Friend to Friend
    Footnotes

    “Friend to Friend,” Friend, Sept. 1988, 6

    Friend to Friend

    Elder F. Burton Howard

    Elder F. Burton Howard was born in Logan, Utah. His family later moved and lived in a number of different places in Utah, Arizona, and Wyoming. “I didn’t know then that moving around so much should have been a problem, so it wasn’t. My two grandmothers then lived in Malad, Idaho, and wherever we lived, we would make a long pilgrimage in the car to see them once a year.”

    Elder Howard’s father worked for the Soil Conservation Service, and he would occasionally take his son on one of his work excursions into the desert. “One time when I was five years old, he took me out just so that I could see what a rattlesnake looked like,” Elder Howard said. “We found a big one, and that was very impressive to me.”

    “My father was a very good basketball player. In a time when people weren’t as tall as they are now, he measured six feet four inches. In the 1930s he played what was called semipro ball. When I was small, Dad didn’t try to teach me to be a ball player. We never had a basketball standard or a ball; we couldn’t afford them, and neither could anybody else in our neighborhood. But we always had a softball and a baseball and played those sports a lot.

    “My mother was an accomplished pianist and singer. During my childhood, she and my father sang in church, at funerals, and in the civic opera.

    “I took piano and voice lessons, but I’m sure that I must have been a disappointment to my parents. I didn’t like practicing the piano, but I did learn to read music and sing. I used to play in a band, and I learned to play the piano well enough that I can still play all the hymns.”

    Elder Howard is the oldest of three children; he has a younger brother and sister. “My brother and sister and I used to put off going to bed by asking Mother to read us a story. She had an old book of Book of Mormon stories that she’d read to us. Sometimes she’d slip in a story from the Bible. When I was young, I didn’t know the difference between the stories from the Bible and the Book of Mormon. I just knew that they were scripture stories and that I loved them all.

    “I was a good reader, and we always had books. Dad made a special effort when we were quite young to buy an encyclopedia for our family. There was a time when I read almost everything that I could get my hands on, but there were still more books in our home than I could ever read.

    “When I was in my first year of college at Logan, Utah, I bought an old car for a hundred dollars. I was eighteen and thought that I knew all about driving. It was Christmastime, and my parents were living on a ranch in Wyoming. I picked up my two grandmothers and took them to my parents’ home for Christmas. We had a grand time there. When it was time to return to school, the weather had changed and the roads were treacherous. That morning as we were ready to leave, we held a family prayer in the living room. My father prayed that we would have a safe journey. After we had loaded my car with suitcases, blankets, tuna fish sandwiches, and a thermos bottle full of Postum, Dad walked out to the car and said, ‘I want to talk to you.’ We went over and stood by the fence. ‘You have a very valuable cargo,’ he said, nodding at my grandmothers. ‘I want you to promise me that if the roads are bad and it’s snowing when you get down to Lander, you won’t go over South Pass. I want you to take the long way.’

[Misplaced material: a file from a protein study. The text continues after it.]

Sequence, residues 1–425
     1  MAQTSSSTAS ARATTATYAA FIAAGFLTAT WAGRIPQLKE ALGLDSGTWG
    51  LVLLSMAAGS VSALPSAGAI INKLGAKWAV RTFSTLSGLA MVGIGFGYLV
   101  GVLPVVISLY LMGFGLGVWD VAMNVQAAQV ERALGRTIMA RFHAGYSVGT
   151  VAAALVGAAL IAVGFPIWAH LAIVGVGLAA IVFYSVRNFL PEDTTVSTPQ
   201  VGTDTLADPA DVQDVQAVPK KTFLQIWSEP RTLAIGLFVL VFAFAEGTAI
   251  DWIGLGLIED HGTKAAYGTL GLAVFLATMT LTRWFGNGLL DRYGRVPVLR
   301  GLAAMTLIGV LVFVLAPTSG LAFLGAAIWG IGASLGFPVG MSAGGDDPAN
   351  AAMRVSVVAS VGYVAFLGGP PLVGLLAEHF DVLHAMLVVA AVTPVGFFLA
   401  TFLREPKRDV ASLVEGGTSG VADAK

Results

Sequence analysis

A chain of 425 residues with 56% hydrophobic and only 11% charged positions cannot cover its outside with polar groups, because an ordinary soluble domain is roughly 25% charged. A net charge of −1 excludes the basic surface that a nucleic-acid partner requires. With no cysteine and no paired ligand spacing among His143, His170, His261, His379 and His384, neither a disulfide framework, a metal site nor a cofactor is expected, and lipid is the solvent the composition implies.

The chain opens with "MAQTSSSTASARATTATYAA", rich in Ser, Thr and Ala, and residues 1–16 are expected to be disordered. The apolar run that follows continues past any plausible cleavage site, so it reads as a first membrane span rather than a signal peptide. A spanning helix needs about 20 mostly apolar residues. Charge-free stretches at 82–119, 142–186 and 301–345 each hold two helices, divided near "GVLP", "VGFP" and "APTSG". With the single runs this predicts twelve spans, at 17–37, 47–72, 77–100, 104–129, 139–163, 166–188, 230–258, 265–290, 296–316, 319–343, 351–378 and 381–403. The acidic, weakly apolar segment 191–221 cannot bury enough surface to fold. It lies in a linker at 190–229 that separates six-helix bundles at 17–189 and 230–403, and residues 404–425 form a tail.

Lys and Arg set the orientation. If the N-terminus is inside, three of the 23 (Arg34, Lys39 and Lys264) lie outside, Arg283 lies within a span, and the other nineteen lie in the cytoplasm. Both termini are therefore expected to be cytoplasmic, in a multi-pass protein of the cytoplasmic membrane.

“I promised him that I would. My parents kissed us good-bye, and we were on our way. We had nice weather until we got to Riverton; then it started to snow. By the time we got to Lander, it was snowing pretty hard. I remembered my promise, so when we came to the intersection where you turn to go up the mountain, I made a conscious turn to go the long way. I remember thinking then that it was going to take us five hours longer to get to Utah. I knew the road, and I was absolutely certain that I had made the right turn. As we drove along, we were joking and laughing, although the snow was getting thicker. Then I saw a sign that read, ‘Historic Old South Pass City,’ and I realized that I had somehow become confused in the snowstorm and had taken the wrong road! I thought, Dad will be angry with me! I don’t know how this happened—it wasn’t intentional. I had only two choices: I could keep on going, or I could turn around and go back. By this time, we were at the summit, so I decided that we might as well keep going and that I would apologize to Dad later. As we came down the mountain, the snow stopped and the roads were clear. We drove to Logan and then to Malad without any problems.

    “On my way to school the next day I happened to see the front-page headline of a newspaper: WORST BLIZZARD OF THE YEAR STRANDS HUNDREDS IN CENTRAL WYOMING. I bought a paper, and it was full of stories about people who had been stranded, lost, or killed on the road that I had promised to take. I realized that the prayer our family had offered had been answered. I knew that the Lord had gotten us on the right road, and I realized how He had protected us. I was never the same after that.”

    Elder Howard’s message to the children of the Church is this: “Be helpful in your home. Learn to do things well, and always do your best. Read more good books and watch less television. Be truthful and prayerful. Keep the commandments, follow the prophet, and always be proud that you are a Latter-day Saint.”

    1. Ten-year-old F. Burton Howard

    2. F. Burton Howard (right) with his younger brother and father